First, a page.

U.S. Naval Forces Central Command (NAVCENT) transferred three patrol craft to the Egyptian Navy, March 21, during a formal ceremony in Alexandria, Egypt. The transfer ceremony represents the culmination of weeks of preparation, training and professional exchanges between Egyptian and U.S. Navy Sailors. The U.S. Navy turned over former patrol coastal ships USS Hurricane (PC 3), USS Sirocco (PC 6), and USS Thunderbolt (PC 12) after sailing from Bahrain to Egypt during a month-long journey around the Arabian Peninsula, January through February. During the 4,000-mile transit to Alexandria, U.S. and Egyptian crewmembers worked side-by-side safely navigating the three ships on a voyage that included port visits to Jebel Ali in the United Arab Emirates; Duqm, Oman; Djibouti; and Berenice, Egypt.
The Cyclone-class patrol ships are a class of United States Navy coastal patrol boats. Most of these ships were launched between 1992 and 1994. The primary mission of these ships is coastal patrol and interdiction surveillance, an important aspect of littoral operations outlined in the Navy’s strategy, “Forward…From the Sea.” These ships also provide full mission support for U.S. Navy SEALs and other special operations forces. As of 2015, ten of the U.S. Navy’s 13 Cyclone-class patrol ships were deployed to Naval Support Activity Bahrain in the Persian Gulf, to deal with a potential conflict with Iran. The remaining three ships of the class are slated to be transferred to Naval Station Mayport in Florida to primarily perform drug interdiction duties with U.S. Naval Forces Southern Command (USNAVSO).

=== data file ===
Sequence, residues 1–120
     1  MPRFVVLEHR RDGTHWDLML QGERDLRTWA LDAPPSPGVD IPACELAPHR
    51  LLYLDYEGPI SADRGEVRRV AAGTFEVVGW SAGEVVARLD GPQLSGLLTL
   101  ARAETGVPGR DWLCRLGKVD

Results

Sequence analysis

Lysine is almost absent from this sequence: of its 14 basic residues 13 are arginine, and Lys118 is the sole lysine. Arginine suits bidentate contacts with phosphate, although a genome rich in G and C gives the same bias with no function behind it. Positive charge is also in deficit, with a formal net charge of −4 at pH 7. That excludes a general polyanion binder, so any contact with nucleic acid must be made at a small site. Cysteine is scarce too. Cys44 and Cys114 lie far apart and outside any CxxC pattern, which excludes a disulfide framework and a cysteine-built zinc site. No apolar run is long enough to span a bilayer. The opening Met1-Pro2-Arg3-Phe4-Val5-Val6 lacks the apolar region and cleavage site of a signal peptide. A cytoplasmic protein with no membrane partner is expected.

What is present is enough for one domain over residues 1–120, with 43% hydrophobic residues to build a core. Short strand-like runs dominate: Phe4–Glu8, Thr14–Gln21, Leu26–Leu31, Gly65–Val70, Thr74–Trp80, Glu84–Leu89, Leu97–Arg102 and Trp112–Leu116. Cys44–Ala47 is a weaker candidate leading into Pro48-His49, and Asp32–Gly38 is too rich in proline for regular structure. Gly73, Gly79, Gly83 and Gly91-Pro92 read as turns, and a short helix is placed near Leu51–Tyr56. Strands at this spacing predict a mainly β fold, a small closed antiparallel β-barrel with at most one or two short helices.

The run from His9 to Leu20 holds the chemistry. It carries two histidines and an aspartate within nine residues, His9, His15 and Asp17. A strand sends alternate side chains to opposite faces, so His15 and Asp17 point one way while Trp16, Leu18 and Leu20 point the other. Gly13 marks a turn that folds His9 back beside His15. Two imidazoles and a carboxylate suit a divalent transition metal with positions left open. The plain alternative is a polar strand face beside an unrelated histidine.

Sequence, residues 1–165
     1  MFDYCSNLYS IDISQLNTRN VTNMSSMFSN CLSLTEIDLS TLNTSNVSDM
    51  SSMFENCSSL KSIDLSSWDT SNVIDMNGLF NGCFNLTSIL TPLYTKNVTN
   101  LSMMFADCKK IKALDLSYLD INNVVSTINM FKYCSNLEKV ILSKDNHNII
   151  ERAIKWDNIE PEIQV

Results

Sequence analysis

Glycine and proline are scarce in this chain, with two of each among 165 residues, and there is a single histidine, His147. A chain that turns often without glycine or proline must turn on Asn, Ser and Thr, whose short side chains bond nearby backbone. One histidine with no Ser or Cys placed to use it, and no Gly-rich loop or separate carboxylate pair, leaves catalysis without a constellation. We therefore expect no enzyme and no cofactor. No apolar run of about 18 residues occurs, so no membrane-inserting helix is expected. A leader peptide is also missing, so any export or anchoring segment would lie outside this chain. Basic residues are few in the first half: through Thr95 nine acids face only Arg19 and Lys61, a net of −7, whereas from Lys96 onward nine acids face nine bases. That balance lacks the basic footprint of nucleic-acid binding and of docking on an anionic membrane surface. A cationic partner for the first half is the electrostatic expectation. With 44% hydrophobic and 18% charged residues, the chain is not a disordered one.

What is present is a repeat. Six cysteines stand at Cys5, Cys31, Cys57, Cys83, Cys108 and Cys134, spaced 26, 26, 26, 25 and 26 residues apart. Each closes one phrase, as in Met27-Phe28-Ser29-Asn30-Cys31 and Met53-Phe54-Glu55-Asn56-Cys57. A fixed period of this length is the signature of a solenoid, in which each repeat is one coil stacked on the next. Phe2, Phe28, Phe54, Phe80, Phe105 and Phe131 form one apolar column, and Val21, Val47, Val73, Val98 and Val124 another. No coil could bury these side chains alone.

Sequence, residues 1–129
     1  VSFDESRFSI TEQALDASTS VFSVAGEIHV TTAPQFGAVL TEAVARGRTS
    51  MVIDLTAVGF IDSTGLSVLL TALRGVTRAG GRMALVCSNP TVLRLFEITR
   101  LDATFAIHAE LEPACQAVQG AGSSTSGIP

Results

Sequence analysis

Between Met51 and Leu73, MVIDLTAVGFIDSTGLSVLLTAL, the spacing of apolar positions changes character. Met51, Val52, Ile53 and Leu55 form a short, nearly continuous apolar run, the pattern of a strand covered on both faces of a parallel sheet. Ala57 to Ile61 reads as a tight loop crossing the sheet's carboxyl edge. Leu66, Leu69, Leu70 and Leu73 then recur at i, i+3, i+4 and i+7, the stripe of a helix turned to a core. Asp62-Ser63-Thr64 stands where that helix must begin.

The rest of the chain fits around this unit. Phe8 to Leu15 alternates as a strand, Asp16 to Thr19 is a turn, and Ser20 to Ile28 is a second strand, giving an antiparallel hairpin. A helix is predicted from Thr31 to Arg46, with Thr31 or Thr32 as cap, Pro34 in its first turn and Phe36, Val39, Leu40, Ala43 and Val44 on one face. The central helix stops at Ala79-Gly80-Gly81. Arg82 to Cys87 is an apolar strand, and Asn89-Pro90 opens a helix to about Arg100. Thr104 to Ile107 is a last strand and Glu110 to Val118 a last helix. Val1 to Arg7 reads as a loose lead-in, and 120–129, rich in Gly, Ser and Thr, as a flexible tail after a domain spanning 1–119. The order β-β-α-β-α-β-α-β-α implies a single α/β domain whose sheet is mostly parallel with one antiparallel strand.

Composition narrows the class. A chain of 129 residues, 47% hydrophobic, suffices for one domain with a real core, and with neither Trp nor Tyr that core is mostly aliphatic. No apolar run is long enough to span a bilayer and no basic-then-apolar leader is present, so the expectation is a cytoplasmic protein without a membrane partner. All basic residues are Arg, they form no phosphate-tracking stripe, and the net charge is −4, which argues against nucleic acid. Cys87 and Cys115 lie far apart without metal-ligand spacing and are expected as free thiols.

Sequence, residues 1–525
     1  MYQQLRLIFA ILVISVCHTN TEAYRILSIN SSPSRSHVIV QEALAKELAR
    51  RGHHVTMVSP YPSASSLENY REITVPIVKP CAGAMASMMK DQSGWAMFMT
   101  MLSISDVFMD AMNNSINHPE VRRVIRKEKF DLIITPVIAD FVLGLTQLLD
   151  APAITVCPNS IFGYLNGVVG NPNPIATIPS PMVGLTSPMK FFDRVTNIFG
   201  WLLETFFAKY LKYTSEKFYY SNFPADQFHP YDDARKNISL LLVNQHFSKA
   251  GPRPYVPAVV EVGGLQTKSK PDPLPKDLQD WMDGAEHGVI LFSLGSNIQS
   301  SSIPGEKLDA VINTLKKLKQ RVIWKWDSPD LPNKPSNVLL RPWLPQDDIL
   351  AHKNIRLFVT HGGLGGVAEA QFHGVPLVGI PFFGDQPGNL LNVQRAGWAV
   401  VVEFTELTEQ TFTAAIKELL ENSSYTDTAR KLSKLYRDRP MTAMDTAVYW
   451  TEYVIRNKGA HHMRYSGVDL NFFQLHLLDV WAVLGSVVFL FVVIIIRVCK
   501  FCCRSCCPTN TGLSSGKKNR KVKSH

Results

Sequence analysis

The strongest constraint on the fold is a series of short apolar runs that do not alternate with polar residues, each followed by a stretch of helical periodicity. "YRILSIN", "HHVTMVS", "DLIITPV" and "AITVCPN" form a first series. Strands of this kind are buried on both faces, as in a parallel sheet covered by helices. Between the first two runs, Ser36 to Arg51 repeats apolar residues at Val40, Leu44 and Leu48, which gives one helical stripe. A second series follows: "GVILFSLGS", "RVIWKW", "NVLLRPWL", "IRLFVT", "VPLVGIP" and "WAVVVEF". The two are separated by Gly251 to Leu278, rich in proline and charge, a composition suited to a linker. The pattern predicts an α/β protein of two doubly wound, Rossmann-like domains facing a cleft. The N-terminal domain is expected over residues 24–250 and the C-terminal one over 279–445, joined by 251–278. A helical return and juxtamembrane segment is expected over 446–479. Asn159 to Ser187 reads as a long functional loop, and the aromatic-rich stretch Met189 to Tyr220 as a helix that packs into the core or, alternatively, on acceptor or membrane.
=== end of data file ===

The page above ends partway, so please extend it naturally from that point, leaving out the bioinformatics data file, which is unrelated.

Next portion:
“This transfer process was an incredible opportunity for our crews. It enabled us to strengthen our bilateral ties while enhancing our interoperability with a highly capable regional maritime partner,” said Capt. Anthony Webber, commander of Task Force 55, which oversees operations for U.S. 5th Fleet’s surface forces.
“The Egypt-U.S. maritime partnership has been a fundamental pillar of our bilateral defense cooperation for decades,” said Vice Adm. Brad Cooper, commander of NAVCENT, U.S. 5th Fleet and Combined Maritime Forces. “This transfer is yet another major milestone in our strong relationship that will enhance regional maritime security for years to come.”
U.S. and Egyptian service members continued training after the ships arrived in Alexandria, Feb. 12. Classroom lessons included discussions on engineering, search and rescue, damage control and weapons handling. The Egyptian Navy currently commands Combined Task Force 153, one of four multinational task forces organized under U.S.-led Combined Maritime Forces (CMF). The task force coordinates multinational maritime security efforts in the Red Sea, Bab al-Mandeb and Gulf of Aden. NAVCENT and CMF are headquartered in Manama, Bahrain. They include maritime forces operating in the Arabian Gulf, Gulf of Oman, Red Sea, parts of the Indian Ocean and three critical choke points at the Strait of Hormuz, Suez Canal and Bab al-Mandeb.